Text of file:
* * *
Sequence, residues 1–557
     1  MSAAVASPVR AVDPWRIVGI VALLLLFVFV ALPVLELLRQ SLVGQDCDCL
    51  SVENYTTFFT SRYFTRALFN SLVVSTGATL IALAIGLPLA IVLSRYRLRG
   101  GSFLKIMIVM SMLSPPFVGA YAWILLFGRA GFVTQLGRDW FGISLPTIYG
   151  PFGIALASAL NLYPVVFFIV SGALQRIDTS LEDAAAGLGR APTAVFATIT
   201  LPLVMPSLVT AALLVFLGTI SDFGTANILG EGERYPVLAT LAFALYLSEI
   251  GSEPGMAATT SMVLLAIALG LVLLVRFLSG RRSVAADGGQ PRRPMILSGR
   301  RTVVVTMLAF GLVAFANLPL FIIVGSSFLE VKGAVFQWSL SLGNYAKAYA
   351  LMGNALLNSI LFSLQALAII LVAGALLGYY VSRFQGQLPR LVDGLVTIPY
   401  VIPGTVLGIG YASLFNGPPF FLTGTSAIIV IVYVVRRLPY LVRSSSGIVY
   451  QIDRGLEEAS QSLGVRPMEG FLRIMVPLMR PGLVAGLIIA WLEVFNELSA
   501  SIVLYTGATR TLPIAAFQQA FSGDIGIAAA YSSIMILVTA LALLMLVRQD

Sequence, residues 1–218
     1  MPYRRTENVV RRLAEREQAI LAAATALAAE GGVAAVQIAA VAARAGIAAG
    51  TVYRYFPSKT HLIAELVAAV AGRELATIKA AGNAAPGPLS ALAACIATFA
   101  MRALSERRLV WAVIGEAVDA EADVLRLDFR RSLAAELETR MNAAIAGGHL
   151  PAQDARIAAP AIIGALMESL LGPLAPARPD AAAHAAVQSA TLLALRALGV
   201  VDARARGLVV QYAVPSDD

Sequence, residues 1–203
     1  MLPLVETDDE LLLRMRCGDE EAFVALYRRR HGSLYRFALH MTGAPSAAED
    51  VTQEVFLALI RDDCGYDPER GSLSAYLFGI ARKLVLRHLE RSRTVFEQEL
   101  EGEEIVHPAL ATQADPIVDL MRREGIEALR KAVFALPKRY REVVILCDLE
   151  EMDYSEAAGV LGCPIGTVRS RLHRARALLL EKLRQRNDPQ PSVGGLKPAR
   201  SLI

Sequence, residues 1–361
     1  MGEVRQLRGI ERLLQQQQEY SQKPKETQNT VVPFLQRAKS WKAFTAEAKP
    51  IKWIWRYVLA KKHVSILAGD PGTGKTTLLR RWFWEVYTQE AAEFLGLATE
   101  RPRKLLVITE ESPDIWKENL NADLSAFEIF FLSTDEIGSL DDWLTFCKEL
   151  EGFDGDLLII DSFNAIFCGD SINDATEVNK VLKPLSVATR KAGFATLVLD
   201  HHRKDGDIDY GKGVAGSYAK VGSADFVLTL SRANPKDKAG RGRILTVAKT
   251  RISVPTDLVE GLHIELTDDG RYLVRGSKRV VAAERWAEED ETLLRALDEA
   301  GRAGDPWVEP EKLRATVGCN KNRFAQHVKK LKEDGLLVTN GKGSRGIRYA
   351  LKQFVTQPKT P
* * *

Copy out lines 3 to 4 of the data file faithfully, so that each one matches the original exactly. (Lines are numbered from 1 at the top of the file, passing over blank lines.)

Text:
    51  SVENYTTFFT SRYFTRALFN SLVVSTGATL IALAIGLPLA IVLSRYRLRG
   101  GSFLKIMIVM SMLSPPFVGA YAWILLFGRA GFVTQLGRDW FGISLPTIYG